RETIRED JUDGE Eddie Keller said Wednesday he hopes to see a new court complex that is planned for Forni Road. Democrat photo by Shelly Thorene


Courthouse turns 100

By From page A1 | May 03, 2013

At about 10 p.m. on May 15, 1910, Courthouse janitor Roy Taylor noticed something was wrong with the building. Outside, passersby saw smoke and flames. Attorney Fred Irwin saw the flames from his backyard. A fire had started in the basement of a rear wooden building of the Courthouse used as a storage and wood room.

The conflagration claimed the Courthouse and a not insignificant portion of downtown, the Mountain Democrat reported at the time. Apart from El Dorado County Superior Court Judge N.D. Arnot, the Courthouse housed 12 jail cells, the county Assessor’s Office, District Attorney’s Office and County Clerk’s Office; documents held by the county saw heavy losses.

A new Courthouse was built on the same location, where it still stands today. Sacramento company Cuff and Diggs built the Courthouse for $131,000, completing it in 1913. Two adjoining lots were added to the building, built of reinforced concrete and faced with matte glaze terra cotta tiles from Lincoln-based Gladding, McBean & Co. The terra cotta tiles were a replacement for white sandstone which was discovered to be splitting and cracking.

Two solid bronze doors greeted those entering the courthouse, with corridors furnished with marble, imitation marble known as scagliola and imitation Caen stone, a mixture of white cement and colored ground stone that is applied like plaster, records at the El Dorado County Historical Museum indicate.

Artistic tile and oak was used for flooring and the main staircase was made of iron and marble. The building was finished in oak darkened by ammonia fumes, or “light fumed oak.”

Civil War canons at the front entrance were donated the Grand Army of the Republic by the U.S. War Department, records indicate. The Placerville post of the GAR was able to obtain the canons for the new building.

A 12-cell jail was again installed and the county Treasurer moved in to the first floor of the building. A burglar-proof and fireproof vault with a time lock and a door weighing more than 9,200 pounds was installed over the course of three days.

On Dec. 23, 1912, the public was given a tour of the soon-to-open building and the Board of Supervisors accepted the building as the new Courthouse.

By 1962, the Courthouse was once again in danger. Engineering consultants reported the concrete floors of the first and second floors were dangerously sagging. The building was abandoned, with the Veterans Hall at the fairgrounds used as a courthouse.

On Dec. 7, 1967, amid extensive debate of the building, District 4 Supervisor Ray Lawyer suggested that the Courthouse should be remodeled and used once again. Although a survey earlier in the year showed that about 40 percent of county residents thought the building should be used as an Old West museum, Supervisor Wes Worrell seconded the motion, a motion he had proposed himself the previous July.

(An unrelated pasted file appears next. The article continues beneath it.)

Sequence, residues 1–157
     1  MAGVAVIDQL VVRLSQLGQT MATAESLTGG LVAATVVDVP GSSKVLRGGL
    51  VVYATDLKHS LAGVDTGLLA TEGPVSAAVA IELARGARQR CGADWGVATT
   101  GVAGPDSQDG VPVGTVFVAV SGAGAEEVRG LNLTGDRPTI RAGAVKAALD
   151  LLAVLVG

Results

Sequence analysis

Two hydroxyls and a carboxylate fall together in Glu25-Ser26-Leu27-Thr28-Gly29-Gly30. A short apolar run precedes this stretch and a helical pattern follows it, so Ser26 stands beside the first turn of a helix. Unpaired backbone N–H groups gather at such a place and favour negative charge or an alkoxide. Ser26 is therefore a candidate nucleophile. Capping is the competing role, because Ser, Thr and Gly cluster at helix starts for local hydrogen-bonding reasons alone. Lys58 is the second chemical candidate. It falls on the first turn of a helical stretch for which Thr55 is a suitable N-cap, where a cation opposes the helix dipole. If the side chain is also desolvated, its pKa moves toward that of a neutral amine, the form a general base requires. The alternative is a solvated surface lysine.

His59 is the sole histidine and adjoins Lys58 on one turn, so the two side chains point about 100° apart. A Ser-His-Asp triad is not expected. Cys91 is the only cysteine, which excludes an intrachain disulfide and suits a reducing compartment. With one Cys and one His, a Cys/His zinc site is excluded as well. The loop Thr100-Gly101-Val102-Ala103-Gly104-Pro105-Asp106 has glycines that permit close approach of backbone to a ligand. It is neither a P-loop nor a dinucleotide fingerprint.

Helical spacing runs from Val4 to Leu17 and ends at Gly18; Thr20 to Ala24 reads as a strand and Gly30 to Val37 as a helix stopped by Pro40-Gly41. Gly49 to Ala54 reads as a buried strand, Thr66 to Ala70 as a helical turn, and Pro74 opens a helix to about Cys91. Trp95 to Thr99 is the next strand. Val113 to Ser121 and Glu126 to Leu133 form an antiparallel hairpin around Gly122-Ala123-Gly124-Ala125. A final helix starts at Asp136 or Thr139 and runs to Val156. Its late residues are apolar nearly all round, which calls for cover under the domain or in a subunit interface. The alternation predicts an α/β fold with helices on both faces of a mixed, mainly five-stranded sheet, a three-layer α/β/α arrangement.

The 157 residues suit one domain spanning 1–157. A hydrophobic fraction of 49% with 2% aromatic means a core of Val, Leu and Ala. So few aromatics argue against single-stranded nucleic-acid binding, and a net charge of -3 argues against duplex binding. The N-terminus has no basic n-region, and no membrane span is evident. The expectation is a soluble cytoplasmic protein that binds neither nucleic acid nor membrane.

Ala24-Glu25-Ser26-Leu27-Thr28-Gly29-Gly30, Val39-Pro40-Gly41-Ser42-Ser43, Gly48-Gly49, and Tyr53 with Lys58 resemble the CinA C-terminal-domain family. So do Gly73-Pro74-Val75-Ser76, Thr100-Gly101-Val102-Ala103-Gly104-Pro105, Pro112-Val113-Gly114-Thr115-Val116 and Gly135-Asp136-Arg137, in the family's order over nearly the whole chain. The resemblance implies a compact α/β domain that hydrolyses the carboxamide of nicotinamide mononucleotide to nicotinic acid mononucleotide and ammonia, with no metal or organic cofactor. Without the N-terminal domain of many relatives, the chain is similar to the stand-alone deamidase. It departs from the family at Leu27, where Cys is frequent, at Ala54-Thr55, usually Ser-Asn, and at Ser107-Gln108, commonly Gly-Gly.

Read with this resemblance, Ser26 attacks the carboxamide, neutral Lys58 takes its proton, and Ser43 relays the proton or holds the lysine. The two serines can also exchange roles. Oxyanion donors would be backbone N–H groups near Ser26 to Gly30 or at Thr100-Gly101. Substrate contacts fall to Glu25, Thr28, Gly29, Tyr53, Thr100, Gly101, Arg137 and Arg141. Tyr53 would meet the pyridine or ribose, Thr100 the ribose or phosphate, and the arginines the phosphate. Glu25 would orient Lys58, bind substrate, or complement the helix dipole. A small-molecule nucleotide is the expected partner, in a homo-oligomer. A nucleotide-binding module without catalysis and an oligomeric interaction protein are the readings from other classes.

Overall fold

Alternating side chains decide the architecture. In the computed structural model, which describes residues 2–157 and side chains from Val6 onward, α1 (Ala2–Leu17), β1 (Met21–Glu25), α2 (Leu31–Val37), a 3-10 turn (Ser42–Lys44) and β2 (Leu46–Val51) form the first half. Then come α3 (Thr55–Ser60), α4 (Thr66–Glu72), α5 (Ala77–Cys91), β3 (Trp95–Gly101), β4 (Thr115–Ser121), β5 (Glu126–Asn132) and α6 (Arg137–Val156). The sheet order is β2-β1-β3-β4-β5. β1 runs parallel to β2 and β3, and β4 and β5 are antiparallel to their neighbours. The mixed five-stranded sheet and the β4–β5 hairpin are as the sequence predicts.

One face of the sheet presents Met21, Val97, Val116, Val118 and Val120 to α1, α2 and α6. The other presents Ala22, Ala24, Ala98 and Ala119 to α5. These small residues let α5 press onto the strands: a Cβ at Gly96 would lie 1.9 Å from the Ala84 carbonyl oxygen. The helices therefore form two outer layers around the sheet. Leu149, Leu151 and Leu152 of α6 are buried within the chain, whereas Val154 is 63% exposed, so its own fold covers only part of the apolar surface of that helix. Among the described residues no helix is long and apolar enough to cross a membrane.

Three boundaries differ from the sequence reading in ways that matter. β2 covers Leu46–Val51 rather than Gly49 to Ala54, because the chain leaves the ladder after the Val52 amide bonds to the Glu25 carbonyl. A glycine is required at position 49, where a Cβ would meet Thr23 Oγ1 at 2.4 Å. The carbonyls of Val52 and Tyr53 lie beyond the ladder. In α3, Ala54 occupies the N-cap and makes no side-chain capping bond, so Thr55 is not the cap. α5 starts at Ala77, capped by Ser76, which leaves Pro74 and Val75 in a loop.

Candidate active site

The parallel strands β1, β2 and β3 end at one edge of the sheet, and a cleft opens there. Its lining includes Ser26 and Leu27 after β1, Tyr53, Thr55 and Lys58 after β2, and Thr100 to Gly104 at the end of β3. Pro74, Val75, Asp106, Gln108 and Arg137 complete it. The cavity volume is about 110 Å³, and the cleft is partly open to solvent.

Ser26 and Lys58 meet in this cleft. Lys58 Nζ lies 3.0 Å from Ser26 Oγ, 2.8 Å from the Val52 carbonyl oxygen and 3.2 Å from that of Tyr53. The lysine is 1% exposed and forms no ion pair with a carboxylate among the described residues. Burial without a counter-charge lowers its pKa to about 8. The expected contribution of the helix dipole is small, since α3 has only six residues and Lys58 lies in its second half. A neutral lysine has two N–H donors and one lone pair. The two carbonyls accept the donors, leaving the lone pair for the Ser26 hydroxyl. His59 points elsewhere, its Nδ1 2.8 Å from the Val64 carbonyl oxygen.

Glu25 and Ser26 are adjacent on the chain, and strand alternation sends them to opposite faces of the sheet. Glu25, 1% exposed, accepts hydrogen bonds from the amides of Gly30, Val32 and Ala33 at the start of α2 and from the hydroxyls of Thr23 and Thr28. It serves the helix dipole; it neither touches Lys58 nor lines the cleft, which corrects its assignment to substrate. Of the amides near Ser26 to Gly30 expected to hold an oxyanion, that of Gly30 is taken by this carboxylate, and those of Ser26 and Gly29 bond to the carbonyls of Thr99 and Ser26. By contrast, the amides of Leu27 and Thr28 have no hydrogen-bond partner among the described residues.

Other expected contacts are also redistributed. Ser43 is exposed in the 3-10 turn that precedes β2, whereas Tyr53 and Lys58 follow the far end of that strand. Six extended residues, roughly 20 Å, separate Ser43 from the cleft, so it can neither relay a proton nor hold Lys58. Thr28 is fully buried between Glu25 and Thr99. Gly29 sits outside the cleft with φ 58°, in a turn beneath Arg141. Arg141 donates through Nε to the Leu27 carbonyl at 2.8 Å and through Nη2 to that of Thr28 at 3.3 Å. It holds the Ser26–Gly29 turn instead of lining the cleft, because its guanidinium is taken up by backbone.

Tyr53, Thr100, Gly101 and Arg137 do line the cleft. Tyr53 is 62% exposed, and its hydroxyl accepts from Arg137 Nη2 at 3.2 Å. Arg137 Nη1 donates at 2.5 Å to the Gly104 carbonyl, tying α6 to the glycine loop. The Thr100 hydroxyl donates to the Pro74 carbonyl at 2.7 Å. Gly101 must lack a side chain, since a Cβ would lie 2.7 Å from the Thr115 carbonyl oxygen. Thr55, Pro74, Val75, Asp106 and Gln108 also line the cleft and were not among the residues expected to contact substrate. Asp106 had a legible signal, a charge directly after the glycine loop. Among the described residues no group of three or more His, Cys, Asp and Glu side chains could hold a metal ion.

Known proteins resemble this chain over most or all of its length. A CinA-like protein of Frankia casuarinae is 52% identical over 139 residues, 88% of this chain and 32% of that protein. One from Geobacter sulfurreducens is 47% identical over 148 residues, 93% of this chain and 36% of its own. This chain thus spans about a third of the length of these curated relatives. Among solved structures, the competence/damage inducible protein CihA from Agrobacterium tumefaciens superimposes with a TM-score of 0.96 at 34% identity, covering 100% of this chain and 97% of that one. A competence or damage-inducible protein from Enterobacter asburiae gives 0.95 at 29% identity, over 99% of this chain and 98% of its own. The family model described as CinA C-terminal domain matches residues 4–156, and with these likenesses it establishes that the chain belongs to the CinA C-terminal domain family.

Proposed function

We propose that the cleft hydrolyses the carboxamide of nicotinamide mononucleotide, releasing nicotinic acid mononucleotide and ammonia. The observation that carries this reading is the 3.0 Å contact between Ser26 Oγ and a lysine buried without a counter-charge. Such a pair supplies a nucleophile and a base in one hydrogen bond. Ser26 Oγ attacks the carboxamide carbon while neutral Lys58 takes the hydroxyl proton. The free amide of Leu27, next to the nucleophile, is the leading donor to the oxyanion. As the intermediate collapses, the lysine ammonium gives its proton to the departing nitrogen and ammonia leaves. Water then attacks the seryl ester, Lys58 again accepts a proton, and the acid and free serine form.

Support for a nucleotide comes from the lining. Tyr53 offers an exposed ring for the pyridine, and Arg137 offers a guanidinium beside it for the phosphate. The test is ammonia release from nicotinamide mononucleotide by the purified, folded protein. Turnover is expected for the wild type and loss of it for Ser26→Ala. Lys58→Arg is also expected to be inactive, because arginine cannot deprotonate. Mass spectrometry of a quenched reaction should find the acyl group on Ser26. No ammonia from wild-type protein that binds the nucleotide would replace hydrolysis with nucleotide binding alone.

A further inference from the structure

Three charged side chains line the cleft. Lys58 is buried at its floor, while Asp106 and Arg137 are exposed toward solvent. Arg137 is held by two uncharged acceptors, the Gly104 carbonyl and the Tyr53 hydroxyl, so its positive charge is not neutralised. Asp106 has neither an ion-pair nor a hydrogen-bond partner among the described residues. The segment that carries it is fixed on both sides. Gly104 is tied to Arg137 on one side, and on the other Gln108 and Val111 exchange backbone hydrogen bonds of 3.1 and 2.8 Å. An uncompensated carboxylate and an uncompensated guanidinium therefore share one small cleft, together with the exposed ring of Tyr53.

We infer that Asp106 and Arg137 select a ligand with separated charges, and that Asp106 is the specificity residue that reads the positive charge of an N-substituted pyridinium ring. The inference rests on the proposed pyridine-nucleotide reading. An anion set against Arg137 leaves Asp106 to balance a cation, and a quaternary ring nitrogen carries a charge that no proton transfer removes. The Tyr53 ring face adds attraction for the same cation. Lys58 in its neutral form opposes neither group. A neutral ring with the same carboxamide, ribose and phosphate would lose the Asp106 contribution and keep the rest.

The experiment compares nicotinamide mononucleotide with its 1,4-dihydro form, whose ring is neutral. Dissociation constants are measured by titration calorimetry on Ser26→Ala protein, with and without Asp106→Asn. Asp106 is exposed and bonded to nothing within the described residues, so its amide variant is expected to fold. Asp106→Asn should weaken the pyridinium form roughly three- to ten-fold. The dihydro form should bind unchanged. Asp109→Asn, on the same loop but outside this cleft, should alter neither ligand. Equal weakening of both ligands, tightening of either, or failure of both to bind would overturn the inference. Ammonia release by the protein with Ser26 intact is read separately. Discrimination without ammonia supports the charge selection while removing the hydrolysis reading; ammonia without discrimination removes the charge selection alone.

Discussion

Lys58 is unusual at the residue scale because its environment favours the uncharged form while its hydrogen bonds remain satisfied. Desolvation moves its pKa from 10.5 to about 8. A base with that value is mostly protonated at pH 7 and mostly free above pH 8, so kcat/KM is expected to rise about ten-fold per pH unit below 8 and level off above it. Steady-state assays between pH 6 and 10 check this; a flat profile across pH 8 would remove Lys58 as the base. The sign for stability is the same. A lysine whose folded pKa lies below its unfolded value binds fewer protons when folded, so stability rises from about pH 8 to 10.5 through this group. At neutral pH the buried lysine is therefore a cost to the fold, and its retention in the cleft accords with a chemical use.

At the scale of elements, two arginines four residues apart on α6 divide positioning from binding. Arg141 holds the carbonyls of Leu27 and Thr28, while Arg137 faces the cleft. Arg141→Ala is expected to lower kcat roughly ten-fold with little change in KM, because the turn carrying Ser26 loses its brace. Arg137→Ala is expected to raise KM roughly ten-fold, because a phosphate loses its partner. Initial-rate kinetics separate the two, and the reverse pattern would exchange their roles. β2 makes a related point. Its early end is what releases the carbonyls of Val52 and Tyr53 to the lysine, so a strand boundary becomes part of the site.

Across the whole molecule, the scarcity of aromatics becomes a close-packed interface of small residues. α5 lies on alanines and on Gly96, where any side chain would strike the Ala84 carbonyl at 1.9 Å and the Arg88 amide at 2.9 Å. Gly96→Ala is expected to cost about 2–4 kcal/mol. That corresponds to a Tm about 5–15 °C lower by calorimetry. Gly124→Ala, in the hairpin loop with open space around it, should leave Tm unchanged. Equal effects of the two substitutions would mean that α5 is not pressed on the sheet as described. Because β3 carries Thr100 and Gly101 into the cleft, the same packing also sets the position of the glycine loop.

The newly remodeled Courthouse was dedicated on March 5, 1971, having taken a year and $500,000 to remodel. It contained the Superior Courts, County Clerk’s Office and Placerville Justice Court.

A minor hiccup was encountered in 1998, when the second floor had to be closed so asbestos that had wrapped pipes could be removed. During the week after it was reopened, 95 percent of court employees became sick. It was believed that spores and mold were the cause, but after a week, the symptoms died off as quickly as they had appeared.

Judge James R. Wagoner went over much of this history in a commemoration on Wednesday, given to an audience of about 40 people standing outside the Courthouse. The Courthouse has seen the invention of the car and the rocket, from President Woodrow Wilson to Barack Obama, multiple wars, multiple generations and landmark cases from Miranda to Rowe v. Wade, Wagoner concluded.

Mayor Wendy Mattson then took to the podium, calling the building a “stately white diamond” that had been the “seat of justice since the Gold Rush.” She noted that as the county works towards a new courthouse, the community should pay attention to this one. She pledged to “honor and preserve (the courthouse’s) place as a beacon of honor and justice in our town.”

The county had gone from 10 administrators to over 1,600 employed by the county in the time the Courthouse has been up, noted District 3 Supervisor Brian Veerkamp. He said he will work with both the community and the city to keep the Courthouse “in some higher capacity” and said that “the success of downtown Placerville lives or dies with this Courthouse.”

Freda Pechner, attorney of 30 years, called the building “the most beautiful courthouse in California” and suggested that attorneys try to help with judges, acting as judges pro tem and doing small jobs like carrying case files from one office to another — potentially saving up to $1 million a year if just 50 attorneys donated a total of 400 hours.

Former judge Eddie T. Keller said that, while the Courthouse had an asbestos problem and a fault line going right under it, it still stood. Though there had been “four or five” plans since he was a judge starting in July 1989 to create a new courthouse, each had failed. With a new courthouse project in the works, he said, “In my lifetime, I’d really like to see it happen.”

Representatives from Assembly members Frank Bigelow and Beth Gaines and state Sen. Ted Gaines presented a plaque to Wagoner commemorating the Courthouse’s aniversary, and a representative from Congressman Tom McClintock presented a certificate.

Cole Mayer

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